The 19th-century Soham House was purpose-built for entertaining race-day guests of the Johnstone family in 1892. It was designed by CJ Harold Cooper, a prominent architect of the Arts and Crafts movement, which married traditional craftsmanship with medieval, romantic and folk styles of decoration. Despite changing hands several times, the house retains Cooper’s original carved-oak staircase and vast fireplaces.
A stained-glass window featuring illustrations of The Brownies children’s book is now at the Victoria & Albert Museum, although some of the figures are depicted in the wooden panels retained over the reception hall.
Lord Queenborough, a nobleman once thought to be the richest man in Britain, bought the seven-bedroom Soham House in 1910, as an ode to his American heiress wife Pauline Payne Whitney’s equestrian lineage. The Whitney family remains one of the biggest horse racing dynasties today. Their daughter, Dorothy Paget, known as Queen of the Turf, was one of the most prolific racehorse owners of her era, winning 1,532 championships in flat racing and hurdling. After Paget’s death in 1960, the three-level property served as a research centre for the Horse Racing Forensic Laboratories, before being converted back into a home in 1997.
The arched oak door of the entrance hall leads to a reception hall with oak panelling, carved finials and a cloakroom. Further on, a drawing room with large glazed windows opens into the billiards room. The dining room, open-plan living room and a large kitchen with separate laundry and breakfast nooks are also all to be found on the ground floor.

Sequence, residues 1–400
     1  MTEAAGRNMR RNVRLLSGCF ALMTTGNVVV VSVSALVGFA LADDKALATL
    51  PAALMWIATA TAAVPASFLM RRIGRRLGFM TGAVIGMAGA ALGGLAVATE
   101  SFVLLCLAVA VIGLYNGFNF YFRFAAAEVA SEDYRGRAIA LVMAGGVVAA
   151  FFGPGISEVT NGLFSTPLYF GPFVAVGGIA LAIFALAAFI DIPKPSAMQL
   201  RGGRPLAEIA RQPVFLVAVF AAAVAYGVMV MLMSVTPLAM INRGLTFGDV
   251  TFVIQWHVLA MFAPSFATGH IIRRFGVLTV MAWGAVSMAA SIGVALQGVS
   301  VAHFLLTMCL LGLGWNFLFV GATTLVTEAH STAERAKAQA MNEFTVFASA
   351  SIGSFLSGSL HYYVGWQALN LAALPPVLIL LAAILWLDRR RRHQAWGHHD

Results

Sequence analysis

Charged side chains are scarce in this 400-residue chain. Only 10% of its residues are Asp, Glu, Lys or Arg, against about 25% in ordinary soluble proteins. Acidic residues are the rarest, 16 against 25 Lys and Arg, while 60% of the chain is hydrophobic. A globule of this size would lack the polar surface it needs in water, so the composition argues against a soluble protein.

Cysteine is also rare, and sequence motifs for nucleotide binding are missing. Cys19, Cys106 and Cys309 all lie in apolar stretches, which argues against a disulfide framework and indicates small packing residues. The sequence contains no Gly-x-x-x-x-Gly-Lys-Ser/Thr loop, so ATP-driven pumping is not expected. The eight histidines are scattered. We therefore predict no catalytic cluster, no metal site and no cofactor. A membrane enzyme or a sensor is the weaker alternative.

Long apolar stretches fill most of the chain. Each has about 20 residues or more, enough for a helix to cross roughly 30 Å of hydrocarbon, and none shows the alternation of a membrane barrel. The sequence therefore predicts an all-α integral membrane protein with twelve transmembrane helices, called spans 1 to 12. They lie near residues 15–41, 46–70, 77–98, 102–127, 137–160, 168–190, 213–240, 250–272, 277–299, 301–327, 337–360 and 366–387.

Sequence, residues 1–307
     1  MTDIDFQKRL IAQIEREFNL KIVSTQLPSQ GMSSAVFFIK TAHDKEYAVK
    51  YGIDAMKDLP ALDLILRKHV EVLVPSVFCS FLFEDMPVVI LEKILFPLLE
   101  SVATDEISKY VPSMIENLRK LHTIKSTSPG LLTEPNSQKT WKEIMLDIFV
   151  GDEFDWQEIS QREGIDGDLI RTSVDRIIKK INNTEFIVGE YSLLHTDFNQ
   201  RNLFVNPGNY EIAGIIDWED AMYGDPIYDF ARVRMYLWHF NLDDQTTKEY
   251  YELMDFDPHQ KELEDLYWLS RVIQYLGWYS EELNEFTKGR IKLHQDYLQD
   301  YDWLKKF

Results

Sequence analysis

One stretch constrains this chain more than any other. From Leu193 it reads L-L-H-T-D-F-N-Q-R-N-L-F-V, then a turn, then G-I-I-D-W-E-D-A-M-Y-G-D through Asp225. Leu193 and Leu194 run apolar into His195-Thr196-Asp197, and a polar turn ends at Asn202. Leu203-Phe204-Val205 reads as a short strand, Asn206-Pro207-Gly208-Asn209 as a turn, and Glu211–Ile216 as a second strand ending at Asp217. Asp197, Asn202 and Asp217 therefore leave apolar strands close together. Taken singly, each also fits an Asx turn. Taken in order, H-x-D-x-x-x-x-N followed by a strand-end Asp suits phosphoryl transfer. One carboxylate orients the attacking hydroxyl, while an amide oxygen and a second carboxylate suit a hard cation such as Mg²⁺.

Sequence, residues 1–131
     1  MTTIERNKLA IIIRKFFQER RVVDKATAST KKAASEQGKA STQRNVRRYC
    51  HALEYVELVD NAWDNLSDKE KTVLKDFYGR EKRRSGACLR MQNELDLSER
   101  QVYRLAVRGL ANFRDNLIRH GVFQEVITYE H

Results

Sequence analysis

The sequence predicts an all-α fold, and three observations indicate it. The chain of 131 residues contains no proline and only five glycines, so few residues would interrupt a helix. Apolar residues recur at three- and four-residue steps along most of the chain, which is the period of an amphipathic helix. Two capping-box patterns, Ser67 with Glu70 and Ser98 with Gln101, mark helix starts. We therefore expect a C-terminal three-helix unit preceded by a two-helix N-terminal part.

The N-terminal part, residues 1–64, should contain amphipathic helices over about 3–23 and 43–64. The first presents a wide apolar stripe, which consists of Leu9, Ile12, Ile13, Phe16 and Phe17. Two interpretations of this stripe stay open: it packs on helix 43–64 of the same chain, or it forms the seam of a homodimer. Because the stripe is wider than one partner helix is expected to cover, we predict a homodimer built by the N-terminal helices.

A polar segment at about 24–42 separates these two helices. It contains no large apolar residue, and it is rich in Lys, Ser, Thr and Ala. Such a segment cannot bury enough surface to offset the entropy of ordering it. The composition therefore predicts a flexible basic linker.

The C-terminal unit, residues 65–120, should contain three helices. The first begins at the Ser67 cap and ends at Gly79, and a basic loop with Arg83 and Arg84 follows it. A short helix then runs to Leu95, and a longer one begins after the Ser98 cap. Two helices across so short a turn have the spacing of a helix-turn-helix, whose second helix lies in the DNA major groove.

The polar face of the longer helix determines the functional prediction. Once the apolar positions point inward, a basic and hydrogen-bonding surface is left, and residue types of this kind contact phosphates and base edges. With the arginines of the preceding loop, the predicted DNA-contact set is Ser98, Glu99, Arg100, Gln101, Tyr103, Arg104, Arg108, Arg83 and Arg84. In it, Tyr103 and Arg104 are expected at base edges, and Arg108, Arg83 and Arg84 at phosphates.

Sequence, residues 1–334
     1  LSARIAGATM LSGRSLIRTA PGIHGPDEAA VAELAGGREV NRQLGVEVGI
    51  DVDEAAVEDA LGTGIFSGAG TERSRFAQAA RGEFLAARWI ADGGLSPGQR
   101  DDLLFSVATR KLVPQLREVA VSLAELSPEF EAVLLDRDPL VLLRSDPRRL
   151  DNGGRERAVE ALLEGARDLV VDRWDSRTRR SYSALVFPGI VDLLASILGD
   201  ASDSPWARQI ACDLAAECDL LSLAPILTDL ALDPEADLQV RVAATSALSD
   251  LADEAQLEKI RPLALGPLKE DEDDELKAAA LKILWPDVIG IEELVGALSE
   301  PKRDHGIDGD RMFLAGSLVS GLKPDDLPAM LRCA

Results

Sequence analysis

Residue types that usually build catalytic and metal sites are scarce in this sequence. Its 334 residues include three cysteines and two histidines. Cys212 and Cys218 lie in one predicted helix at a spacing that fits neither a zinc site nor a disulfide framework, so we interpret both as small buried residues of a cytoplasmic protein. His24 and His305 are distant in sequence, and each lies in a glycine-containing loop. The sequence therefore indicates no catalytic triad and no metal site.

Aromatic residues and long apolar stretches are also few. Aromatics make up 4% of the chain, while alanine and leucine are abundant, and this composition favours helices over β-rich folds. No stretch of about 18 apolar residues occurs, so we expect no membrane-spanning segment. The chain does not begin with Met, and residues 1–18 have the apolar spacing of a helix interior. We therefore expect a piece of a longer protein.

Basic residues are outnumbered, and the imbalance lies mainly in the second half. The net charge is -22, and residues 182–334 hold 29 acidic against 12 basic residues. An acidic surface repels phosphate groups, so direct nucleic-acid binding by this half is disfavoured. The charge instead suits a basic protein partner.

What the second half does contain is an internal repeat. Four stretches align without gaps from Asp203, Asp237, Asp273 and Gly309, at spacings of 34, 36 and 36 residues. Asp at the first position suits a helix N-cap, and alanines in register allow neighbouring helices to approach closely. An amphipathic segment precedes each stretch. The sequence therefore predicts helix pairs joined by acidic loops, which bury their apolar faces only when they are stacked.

On the first floor, a galleried landing leads to the master bedroom, with a walk-through dressing room, and three more en suite bedrooms. The second floor, which serves as a home office to the current owners, has three bedrooms with vaulted ceilings, access to the roof space and one bathroom. Three storerooms, one of which was originally used to store silverware, the others as cellars, are located below the main staircase.
The 1.15-acre grounds boast three garages, well-manicured lawns and flower beds, an ornate fountain and a paved terrace visible from the sweeping driveway.
Newmarket, which is considered the birthplace of thoroughbred horse racing, has been dubbed The Playground of Kings, and the town has been a centre for British royalty and nobility since the 17th century. Soham House is part of that legacy, one that you can now snap up for £1,650,000 (Dh7.34 million). Soham House is on the market through Cheffins real estate.
Read this and more stories in Luxury magazine, out with The National on Thursday, December 8.